Swimming pools, wherever they may be and whether they’re public or private, often pose similar risks.
While far from the only danger of aquatic environments, the risk of drowning is the most widely recognized hazard of swimming pools. It may sound unlikely to those who have grown up and spent a significant chunk of their lives close to the water, but it is a very real fact that many people do not know how to swim. Without almost overbearing supervision, these individuals can be considered to be under constant risk almost any time they are close to the water.
However, even pool-goers who know how to swim can become victims of drowning. If a pool is deeper than expected, or if a swimmer becomes tired and is no longer able to hold themselves above water, it’s not out of the question that they will be unable to make it to the shallow end or pull themselves out of the pool.
Indeed, even the best swimmers can find themselves in a situation that prevents them from swimming, such as an unexpected muscle cramp, that can ultimately cause them to drown.
Aside from the major risk of drowning, swimming pools also carry other hazards.
The risk of a slip and fall injury is substantially increased in the vicinity of a pool. This is because water is often splashed out by swimmers onto the surrounding surfaces. Moreover, pool decks tend to be made of concrete or other very hard materials that provide absolutely no cushion if someone is to slip and fall on them. This is also beside the fact that, whether because of cost-cutting measures or otherwise, pool decks tend to be made of materials that are exceedingly slick when wet.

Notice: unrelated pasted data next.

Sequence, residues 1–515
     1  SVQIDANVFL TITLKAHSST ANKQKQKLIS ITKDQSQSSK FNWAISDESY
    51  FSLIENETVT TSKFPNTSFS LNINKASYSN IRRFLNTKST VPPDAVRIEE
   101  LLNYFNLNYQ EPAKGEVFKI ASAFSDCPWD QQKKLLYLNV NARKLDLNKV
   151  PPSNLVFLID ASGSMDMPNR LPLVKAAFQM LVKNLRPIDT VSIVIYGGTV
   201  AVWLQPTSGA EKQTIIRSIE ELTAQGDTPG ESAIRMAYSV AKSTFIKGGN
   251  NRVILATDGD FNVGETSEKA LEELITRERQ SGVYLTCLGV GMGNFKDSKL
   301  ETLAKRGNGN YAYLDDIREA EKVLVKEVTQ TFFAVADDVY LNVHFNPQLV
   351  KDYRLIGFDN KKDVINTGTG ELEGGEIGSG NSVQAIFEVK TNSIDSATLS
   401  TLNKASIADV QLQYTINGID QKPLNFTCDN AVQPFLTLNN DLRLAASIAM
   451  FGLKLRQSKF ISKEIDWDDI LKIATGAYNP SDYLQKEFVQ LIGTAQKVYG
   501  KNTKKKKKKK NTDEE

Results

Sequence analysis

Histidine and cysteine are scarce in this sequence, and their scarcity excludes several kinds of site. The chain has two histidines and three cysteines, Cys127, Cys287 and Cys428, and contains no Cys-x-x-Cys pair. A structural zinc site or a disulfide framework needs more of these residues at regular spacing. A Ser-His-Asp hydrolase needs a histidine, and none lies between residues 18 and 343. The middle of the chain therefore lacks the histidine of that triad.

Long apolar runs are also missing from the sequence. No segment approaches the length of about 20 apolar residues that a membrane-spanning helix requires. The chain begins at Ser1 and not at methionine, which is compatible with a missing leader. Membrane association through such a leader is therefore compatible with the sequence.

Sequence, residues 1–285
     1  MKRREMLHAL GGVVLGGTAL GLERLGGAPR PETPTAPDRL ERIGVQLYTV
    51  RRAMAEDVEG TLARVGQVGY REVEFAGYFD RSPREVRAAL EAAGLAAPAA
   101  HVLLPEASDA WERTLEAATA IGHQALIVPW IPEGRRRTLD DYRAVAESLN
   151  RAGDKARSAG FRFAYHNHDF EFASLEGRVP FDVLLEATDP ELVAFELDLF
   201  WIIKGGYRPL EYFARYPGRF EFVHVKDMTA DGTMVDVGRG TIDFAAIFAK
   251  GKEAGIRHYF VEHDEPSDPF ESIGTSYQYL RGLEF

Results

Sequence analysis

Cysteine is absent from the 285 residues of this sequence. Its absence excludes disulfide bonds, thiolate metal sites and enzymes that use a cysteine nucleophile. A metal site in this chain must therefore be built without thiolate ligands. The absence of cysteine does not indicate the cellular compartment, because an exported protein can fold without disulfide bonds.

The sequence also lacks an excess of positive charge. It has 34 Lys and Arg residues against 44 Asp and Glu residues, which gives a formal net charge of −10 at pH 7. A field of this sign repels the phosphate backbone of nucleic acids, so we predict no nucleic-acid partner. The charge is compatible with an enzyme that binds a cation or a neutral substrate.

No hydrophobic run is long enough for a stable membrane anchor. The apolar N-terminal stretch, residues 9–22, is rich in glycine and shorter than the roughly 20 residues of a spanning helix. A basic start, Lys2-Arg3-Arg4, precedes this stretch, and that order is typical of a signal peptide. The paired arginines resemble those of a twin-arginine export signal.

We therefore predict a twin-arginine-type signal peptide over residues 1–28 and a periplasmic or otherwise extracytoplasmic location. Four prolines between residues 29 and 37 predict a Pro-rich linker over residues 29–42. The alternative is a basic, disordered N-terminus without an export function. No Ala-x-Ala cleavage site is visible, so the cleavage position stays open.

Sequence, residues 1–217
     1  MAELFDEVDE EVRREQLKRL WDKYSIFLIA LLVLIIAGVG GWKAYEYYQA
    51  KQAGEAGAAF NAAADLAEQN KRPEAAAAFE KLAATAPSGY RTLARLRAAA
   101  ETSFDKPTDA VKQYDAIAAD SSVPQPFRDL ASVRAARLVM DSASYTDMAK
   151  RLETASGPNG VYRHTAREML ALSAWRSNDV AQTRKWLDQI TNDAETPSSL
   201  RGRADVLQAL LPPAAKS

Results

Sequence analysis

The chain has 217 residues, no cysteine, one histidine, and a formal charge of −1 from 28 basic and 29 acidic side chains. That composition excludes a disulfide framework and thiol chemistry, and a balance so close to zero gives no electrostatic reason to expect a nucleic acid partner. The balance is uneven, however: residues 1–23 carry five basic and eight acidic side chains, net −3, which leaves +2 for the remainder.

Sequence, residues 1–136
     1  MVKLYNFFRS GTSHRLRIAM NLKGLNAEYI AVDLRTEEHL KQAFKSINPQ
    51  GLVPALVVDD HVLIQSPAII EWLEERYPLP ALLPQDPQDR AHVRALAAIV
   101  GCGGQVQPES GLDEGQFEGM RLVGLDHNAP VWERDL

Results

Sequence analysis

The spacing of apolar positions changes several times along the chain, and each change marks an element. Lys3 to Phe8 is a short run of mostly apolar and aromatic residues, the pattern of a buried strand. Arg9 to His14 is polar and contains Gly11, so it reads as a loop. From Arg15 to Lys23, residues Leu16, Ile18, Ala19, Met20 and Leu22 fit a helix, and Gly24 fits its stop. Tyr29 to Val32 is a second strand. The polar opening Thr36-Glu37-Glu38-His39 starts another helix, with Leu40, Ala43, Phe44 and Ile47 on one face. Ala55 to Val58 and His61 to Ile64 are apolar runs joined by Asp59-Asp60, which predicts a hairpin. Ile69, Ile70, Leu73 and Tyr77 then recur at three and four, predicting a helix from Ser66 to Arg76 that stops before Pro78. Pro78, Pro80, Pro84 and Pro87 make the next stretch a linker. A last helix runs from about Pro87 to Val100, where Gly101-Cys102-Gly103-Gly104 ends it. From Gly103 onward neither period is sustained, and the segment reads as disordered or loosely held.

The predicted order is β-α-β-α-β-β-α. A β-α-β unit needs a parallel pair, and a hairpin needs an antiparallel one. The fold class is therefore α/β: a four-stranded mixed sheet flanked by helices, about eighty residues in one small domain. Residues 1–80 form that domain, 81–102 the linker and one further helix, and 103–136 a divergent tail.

When a slippery surface isn’t the culprit in a pool fall, broken or uneven flooring can also lead to equally-severe tripping incidents. Bone fractures are quite common in swimming pool slip and fall accidents, as are ligament sprains and even traumatic brain injuries (TBIs).
Whenever these physically-incapacitating injuries occur inside the pool, victims can easily drown as they are unable to swim to safety. Even when lifeguards or other swimmers are present to help them out of the pool, such near-drownings can still cause permanent physical and mental disability.
Vertebral and spinal cord injuries also prevail in swimming pool accidents, often because the depth of a pool may not be properly posted.
Without noticing that the water is much shallower than they expect, a person may dive into the pool head-first and make an impact with the bottom of the pool. These instances lead to some of the worst swimming pool accidents, not only because of the grave nature of a spinal cord injury but also because the injured individual will often become disoriented under the water. If no one is there to help them, they may easily drown.
Whatever the injury, one thing is for sure: the lives of the victims (when they’re lucky enough to survive), as well as those of their loved ones, are permanently marred by these avoidable tragedies. But who is actually responsible for avoiding these wrongful deaths from taking place, and can victims or the families of victims seek compensation after they take place?